Sunday, December 7, 2014

Refinding Sara at Christmas

ara is my closest friend.  No one can replace the kind of friendship we have.  She's a breathing, living being.  Sara is my bandoneón.   I know that it is strange to say this, but surely I am not the only one who holds the wonderful delusion that the mystery of life dwells in an inanimate musical instrument. I didn't have to court Sara. She courted me. She accepted me as a beginner and allowed me to learn who she was inside. While doing that I found out who I was inside. If only more couples could do this!
Her smile

Sara has a personality all of her own.  
Compared to any other instrument I know, the bandoneón is truly like a person.  Maybe I am mad, but I feel her presence most when I just listen to her breathe.  I open her smiling case and let her breathe in my embrace.  Her smell is the perfume of wood, enamel and a touch of oil reinforced with years of having given me so much joy or having helped me during times of sadness.  She smiles with delight as I open up her case.  She leaps into my arms, ready to play.

Now that I think back, I am sure of it:  Sara looked forward to the times I had troubles with my romantic life.  That is when I made up new tangos and would play with her for hours.  This ritual started when my first girlfriend, Elena, had left Montevideo to live in Buenos Aires with her parents.  I was so broken hearted, but when I pulled out my bandoneón, only then I realized how bad it hurt to have my first love move away.  My bandoneón was a channel to the emotions that I hid not only from the world but from myself.  I embraced Sara and she consoled me.

The day Elena left, I sat with my bandoneón on my lap, but I couldn’t play at first.  I was numb.  I just opened and closed her bellows and let her breathe with me.  I felt her empathy, her soul. Eventually a vals came out as powerful as I ever had played – Desde el Alma.  This was tango.  Its essence.  My heart ached and now I could speak from my soul about this music that my parents so loved.  Now tango was truly my music, not just my parents' music. 

When I came down from my upstairs room, everyone looked quizzically at me as they sat at the dinner table.  I thought that perhaps they all could see that I had been crying, and I felt this horrible shame of being the youngest and still just a baby.  Mother took away these fears:   “You have never played your bandoneón like that before,” she said.  Father didn’t say a thing.  I saw his powerfully tacit pride in his eyes.  He squeezed my shoulder as I sat down next to him at the table.  He said so much with his eyes that words were not necessary. He told me later what he was thinking:  Another generation would carry on his beloved tango, the pride of Montevideo.  I felt as if it were my mission now, like the keeper of the fire in ancient tribes.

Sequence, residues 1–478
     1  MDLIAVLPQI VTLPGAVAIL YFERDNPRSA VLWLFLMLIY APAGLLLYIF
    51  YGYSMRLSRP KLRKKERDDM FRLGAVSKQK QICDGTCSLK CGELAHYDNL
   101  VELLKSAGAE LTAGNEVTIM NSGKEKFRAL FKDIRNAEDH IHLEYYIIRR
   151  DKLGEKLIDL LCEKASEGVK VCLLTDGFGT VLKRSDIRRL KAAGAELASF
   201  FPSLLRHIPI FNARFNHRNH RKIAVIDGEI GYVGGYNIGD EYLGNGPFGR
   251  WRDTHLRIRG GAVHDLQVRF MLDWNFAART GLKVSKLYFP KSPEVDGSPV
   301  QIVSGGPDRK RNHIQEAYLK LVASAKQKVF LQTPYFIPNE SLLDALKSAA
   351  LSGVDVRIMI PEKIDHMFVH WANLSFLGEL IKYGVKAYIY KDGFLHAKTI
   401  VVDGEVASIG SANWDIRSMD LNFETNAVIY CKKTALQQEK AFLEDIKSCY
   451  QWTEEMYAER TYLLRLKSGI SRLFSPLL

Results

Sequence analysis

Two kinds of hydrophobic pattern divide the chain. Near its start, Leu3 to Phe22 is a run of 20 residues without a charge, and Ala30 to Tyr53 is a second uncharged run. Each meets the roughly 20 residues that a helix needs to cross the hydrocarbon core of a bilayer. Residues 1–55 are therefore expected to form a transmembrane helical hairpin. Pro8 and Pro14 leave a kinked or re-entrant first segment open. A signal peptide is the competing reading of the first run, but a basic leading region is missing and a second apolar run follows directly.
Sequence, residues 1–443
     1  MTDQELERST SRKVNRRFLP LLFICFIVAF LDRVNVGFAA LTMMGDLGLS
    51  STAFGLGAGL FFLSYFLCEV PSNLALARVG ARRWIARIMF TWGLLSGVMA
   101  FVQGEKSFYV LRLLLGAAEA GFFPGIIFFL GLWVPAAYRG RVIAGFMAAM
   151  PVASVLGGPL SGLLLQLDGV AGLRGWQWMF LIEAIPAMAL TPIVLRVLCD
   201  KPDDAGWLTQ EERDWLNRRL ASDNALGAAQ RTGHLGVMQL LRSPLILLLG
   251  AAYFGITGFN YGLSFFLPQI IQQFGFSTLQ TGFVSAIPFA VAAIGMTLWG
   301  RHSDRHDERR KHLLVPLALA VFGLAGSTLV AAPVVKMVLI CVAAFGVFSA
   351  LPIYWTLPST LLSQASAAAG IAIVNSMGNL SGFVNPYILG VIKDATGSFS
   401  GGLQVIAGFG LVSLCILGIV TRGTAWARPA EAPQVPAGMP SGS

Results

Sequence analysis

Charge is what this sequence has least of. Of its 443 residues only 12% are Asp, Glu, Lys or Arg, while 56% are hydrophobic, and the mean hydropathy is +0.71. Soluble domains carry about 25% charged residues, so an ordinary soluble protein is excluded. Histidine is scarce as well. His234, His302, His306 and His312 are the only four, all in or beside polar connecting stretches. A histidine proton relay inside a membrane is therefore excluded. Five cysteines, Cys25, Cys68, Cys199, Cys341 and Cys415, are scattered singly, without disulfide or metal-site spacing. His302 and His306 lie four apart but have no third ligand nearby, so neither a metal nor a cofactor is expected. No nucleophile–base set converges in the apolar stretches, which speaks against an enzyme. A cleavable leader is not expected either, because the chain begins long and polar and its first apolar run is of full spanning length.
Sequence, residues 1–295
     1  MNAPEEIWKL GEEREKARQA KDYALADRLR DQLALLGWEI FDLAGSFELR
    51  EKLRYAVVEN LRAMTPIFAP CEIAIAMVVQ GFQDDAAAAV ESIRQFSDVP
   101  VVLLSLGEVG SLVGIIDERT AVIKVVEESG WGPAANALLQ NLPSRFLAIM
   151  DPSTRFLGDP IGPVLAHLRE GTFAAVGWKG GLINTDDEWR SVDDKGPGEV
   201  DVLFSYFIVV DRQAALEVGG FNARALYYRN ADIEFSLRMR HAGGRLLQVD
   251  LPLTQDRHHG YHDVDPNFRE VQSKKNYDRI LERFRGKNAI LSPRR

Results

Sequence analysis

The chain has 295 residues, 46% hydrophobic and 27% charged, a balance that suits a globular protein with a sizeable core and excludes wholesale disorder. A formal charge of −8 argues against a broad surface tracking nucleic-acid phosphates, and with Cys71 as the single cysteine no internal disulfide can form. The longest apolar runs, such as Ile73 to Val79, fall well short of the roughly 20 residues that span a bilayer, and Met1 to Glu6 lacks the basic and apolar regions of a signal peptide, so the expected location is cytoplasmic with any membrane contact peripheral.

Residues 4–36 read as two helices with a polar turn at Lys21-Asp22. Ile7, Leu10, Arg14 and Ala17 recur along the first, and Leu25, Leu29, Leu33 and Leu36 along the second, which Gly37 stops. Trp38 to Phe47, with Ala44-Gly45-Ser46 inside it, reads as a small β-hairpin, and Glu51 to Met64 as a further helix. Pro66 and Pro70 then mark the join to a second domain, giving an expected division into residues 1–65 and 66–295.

How is it that we forget about important moments in our lives through the distractions of daily life?  When I turned seventeen, I was so busy with school and many friends that I slowly neglected my bandoneón until I nearly had forgotten her.   When I was twenty-five, doing graduate work at the Universidad de Montevideo, a friend told me about some Japanese tourists who would give me a pile of money for my old bandoneón. "You never play it," he said.  It was Christmastime, and I wanted to get my mother a nice dress.  I knew exactly what she wanted because I was with her when she tried it on, even though she knew that she could never afford it.  I saw the delight in her face, and then the melancholy of having to take it off and put it back on the rack.

I so wanted her to have that dress, but it meant selling my bandoneón. What bothered me most was the thought that the Japanese tourists were only going to display her on a table somewhere, and Sara would not be played.  Finally, I justified my sentimental thoughts, telling myself that I probably would never play it again anyway.  At the last moment before I sold her, however, I decided that I would keep her smiling case.  I guess that was my way of keeping a part of her and then get the money too.